Competition Commission Case Series – Phodiclinics' Acquisition of New Protector: Increasing Concentration?

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Abstract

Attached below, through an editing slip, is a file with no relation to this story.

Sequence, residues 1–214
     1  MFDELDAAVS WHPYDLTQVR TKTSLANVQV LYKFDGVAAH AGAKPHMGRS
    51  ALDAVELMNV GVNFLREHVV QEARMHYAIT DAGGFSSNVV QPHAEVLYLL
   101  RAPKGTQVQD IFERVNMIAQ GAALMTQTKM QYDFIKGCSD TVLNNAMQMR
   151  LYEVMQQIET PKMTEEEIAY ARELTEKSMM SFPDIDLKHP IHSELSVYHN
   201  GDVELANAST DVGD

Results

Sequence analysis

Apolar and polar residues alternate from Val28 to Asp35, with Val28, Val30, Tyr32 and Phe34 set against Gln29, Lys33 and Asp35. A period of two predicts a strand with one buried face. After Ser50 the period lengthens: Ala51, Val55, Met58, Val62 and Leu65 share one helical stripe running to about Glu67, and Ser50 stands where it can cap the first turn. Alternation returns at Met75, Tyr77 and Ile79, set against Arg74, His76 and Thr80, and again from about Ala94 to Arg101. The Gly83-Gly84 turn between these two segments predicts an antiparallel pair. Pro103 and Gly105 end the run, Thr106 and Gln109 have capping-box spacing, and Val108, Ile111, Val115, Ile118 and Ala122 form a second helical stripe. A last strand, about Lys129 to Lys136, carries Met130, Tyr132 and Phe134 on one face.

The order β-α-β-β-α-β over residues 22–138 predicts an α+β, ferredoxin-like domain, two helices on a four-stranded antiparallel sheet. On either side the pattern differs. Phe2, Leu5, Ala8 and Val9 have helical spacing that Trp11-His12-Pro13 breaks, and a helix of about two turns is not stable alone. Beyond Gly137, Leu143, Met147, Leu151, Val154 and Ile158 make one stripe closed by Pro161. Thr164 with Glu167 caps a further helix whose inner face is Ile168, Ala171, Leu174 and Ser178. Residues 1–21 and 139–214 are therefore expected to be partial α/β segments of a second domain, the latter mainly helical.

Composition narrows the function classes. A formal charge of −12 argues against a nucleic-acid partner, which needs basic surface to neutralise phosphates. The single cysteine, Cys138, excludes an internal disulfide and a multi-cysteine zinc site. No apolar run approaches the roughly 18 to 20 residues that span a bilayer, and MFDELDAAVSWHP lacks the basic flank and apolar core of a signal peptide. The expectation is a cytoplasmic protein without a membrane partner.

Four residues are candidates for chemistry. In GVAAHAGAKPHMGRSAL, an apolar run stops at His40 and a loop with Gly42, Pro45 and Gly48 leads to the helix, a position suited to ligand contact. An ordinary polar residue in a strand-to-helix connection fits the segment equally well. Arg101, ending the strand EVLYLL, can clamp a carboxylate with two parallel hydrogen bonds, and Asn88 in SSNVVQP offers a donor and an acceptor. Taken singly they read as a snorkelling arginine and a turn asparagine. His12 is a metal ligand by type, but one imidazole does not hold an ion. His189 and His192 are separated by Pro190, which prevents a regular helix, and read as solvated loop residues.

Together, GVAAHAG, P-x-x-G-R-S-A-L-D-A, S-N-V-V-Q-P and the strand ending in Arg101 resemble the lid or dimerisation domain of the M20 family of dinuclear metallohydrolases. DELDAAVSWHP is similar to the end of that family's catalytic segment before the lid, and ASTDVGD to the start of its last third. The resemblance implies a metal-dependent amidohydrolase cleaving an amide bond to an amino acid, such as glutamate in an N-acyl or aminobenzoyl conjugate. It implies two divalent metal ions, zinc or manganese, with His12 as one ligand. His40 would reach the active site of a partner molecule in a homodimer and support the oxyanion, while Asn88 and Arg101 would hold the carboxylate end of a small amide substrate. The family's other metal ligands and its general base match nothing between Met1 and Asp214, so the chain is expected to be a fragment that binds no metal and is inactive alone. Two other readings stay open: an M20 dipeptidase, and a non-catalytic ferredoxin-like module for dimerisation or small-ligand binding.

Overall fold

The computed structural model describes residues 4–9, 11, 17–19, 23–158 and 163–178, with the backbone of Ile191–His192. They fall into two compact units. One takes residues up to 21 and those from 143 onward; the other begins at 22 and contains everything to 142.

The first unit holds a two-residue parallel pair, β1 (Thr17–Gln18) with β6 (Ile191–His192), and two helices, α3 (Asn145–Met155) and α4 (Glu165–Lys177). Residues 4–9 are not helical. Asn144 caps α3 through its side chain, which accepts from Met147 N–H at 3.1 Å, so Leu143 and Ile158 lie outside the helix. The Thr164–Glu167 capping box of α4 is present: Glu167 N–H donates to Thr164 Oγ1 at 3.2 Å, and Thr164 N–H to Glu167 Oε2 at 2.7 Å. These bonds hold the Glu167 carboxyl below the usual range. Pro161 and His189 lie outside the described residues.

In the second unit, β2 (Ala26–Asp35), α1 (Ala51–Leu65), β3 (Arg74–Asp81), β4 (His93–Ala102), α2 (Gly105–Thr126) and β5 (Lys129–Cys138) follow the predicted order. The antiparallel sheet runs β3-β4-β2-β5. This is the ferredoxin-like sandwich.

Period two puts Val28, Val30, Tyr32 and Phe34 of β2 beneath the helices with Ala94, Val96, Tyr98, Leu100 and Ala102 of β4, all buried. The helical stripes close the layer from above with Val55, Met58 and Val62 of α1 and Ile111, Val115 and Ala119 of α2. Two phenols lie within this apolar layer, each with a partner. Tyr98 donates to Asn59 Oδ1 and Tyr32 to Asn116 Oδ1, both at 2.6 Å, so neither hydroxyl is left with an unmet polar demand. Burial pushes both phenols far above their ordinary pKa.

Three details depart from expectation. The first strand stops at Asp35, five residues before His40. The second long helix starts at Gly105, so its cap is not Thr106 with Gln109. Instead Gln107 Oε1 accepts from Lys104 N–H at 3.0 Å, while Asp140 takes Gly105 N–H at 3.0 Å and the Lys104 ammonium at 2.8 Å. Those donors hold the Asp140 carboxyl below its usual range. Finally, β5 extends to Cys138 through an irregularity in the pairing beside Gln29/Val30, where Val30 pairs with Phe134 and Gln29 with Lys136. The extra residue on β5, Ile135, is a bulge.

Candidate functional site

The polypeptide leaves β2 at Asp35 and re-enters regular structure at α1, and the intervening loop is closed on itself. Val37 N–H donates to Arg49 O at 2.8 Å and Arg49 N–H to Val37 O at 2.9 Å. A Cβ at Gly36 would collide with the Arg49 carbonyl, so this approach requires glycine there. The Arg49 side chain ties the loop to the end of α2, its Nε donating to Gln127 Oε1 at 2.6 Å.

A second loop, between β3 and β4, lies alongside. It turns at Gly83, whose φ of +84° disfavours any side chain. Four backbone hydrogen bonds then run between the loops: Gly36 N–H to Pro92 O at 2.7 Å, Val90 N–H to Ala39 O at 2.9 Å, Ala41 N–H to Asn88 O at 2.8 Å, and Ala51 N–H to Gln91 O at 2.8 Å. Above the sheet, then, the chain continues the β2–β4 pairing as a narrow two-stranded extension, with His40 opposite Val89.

On 31 October 2006, executives at the Council for Medical Schemes (CMS) and private hospital group Netcare were eager to hear the Competition Tribunal's decision regarding the acquisition of the New Protector Group hospitals by Phodiclinics (Pty) Ltd (a division of the Medi-Clinic Group) and DHJ Defty. Phodiclinics had made the bid in 2005 after New Protector had been placed under provisional liquidation in late 2004. On 3 March 2006, the Competition Commission had recommended to the Tribunal that the transaction be approved without conditions. However, the CMS was concerned that, if the acquisition went ahead, it would increase concentration in the private hospital market and thereby fuel already-unacceptable price increases in the market. Dr Simon Roberts, chief economist at the Competition Commission, noted that the key to the “competitive dynamics in this sector was understanding who the sellers and who the buyers are – that is, the sellers are the private hospitals and the buyers, essentially the medical schemes”. He added, “Fundamentally, the medical schemes, faced by an oligopoly, would want more competition in the sector.” Netcare, on the other hand, as he pointed out, was a competitor to Medi-Clinic, and was more concerned about its competitive position in the sector that was dominated by itself (30.4% share), Life Healthcare (27.7% share) and Medi-Clinic (24.5% share). At a pre-hearing in March 2006, the CMS, private hospital group Netcare and medical scheme administrator Supreme Health indicated that they wanted to intervene to argue against the acquisition. Permission was granted and the subsequent hearings took place during September and October 2006. Awaiting the Tribunal's ruling, the CMS and Netcare now reflected on whether the Tribunal would support their contentions

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